From his office beside Crystal Lake in Gray, state fisheries biologist Francis Brautigam on Wednesday got the email every fisherman in southern Maine has waited for this spring.
“It said the ice on the big bay on Sebago just went out,” Brautigam reported.
But don’t grab your rods and flies just yet.
After this winter, one of the harshest on record, the spring fishing season has been pushed back. Ice is still coating lakes and ponds across the state.
What that means to bait dealers is there’s been a very delayed start to spring fishing season. For fishermen, it’s making for a long wait after one of the longest winters.
“From what I’m informed, most of the lakes and ponds are holding ice,” Brautigam said of southern Maine.
“My expectation is there will probably be ice out by the start of the smelt runs.”
The smelt typically start running in Sebago Lake in late April and early May, Brautigam said – a month after fishermen normally have begun fishing.
Elsewhere in Maine, regional state fisheries biologists say there still is significant ice, and the stocking trucks – the real signal to start fishing in central and southern Maine – have yet to roll out in any big numbers.
In Little Ossipee Lake in York County, ice was out last week. But most of Cumberland County resembled most of the state, Brautigam said.
“I go for a ride when I leave work each evening down around Windham. Nobody is on the brooks and streams,” said Dana Eastman, who’s sold bait at The Tackle Shop in Portland for 20 years.
“There was one story of a fly fisherman who landed a 20-inch brown trout on the Royal River. But he had hooked it in the fall, and said it was haunting him all winter. He threw his line across the ice and into the water and the fish came up and took it. He swears it’s the same fish. ”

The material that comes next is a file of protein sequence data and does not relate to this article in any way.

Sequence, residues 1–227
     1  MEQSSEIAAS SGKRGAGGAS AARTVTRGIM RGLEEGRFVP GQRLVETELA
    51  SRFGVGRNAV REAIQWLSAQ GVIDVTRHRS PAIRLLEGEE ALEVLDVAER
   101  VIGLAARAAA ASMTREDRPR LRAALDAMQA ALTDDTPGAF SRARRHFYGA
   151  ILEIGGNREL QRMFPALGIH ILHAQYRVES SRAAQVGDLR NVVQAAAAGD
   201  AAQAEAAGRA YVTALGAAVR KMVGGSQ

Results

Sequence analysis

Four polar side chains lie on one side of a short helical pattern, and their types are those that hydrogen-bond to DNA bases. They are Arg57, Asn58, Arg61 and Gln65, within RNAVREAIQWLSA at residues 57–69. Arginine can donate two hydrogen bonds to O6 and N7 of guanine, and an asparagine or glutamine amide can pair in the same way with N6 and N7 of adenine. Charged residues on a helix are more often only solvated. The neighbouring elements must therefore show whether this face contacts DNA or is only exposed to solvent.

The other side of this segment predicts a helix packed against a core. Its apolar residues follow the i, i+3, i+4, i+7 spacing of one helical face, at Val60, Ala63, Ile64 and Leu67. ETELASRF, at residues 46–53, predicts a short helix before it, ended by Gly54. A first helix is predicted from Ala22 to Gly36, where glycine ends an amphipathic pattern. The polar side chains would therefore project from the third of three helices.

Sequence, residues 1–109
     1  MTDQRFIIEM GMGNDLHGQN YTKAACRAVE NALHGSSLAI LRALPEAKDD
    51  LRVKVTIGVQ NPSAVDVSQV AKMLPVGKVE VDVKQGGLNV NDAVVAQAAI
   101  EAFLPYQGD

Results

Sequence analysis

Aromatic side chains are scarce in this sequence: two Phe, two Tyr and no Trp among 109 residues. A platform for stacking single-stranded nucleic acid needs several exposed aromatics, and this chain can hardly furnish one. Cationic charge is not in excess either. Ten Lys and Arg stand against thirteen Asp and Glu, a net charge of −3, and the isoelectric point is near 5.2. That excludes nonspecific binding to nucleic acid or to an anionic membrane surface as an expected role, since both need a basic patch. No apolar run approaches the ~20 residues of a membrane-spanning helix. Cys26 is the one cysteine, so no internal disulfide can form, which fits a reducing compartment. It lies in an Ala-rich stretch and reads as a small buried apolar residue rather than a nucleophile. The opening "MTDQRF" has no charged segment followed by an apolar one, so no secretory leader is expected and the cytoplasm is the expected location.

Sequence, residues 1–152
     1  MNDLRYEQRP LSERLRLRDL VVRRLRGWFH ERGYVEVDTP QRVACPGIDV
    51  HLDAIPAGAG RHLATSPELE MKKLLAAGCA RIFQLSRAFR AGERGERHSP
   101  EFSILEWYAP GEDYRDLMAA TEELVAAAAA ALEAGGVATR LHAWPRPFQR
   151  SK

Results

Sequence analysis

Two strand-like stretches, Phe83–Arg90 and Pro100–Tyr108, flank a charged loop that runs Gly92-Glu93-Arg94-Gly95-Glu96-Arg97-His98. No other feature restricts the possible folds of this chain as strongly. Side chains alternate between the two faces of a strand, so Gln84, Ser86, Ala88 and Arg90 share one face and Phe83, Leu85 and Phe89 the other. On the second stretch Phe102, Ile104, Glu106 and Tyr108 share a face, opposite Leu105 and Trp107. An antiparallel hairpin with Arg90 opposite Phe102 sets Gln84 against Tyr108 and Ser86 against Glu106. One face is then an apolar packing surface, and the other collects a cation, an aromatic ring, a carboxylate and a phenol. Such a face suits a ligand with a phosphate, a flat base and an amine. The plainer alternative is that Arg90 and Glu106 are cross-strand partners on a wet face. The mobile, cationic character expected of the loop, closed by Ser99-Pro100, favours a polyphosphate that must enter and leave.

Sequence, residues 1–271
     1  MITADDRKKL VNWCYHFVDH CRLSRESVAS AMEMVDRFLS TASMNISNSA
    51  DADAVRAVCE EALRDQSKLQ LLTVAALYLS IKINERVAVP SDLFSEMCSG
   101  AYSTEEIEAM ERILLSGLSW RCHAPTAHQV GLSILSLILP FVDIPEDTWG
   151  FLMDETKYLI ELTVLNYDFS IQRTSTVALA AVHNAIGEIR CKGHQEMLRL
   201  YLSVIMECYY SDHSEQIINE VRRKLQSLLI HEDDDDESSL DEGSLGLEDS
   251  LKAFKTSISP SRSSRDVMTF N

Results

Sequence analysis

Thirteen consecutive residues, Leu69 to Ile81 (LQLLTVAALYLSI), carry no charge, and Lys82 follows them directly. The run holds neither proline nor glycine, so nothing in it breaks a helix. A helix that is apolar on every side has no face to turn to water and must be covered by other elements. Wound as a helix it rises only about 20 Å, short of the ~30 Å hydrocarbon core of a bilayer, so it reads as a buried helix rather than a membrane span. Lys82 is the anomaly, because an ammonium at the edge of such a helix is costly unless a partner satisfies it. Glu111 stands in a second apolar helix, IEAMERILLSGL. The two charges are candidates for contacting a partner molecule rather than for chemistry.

By comparison, last April was a fishing frenzy, Eastman said.
But this year, it’s more than just the chilly temperatures. Waters are simply inaccessible to open-water fishermen.
“Guys will go out and throw on 15 layers of clothes and sit in a boat with their hands in their pocket. But they can’t get out on the boat ramps,” Eastman said.
Winthrop bait dealer Dave Bubier said it’s the same in central Maine, where the lakes district is practically an ice sheet.
“I’ve probably done 10 percent of the sales I had done this time last year,” Bubier said. “It’s a weird limbo period: Too late to ice fish, and too early to fish. I haven’t seen a boat out yet.”
Regional state fisheries biologist Jason Seiders in Sidney said this spring is not unusual, it’s just closer to the springs of 20 and 30 years ago.
“What we’re running into is a more traditional spring,” said Seiders, who grew up in Lincoln County. “It will be another week before ponds ice out. Now all these rivers are flooded into trees. It’s greatly delayed the stocking effort.”
However, it could mean something good up north. Whereas in the southern half of the state the spring fishing season likely will be truncated, up north where there are cold-water fisheries, all that melting ice could extend the spring season.
Regional state biologist Dave Howatt in Strong said the ice on Rangeley – a good 30 inches thick – may not go out until mid-May. That would mean the lake would be so cold in June that fishing might stay fast into July, when it usually slows down.
So in the mountains the spring season could run into summer.
“That’s one bonus,” Eastman said.
Staff Writer Deirdre Fleming can be reached at 791-6452 or at: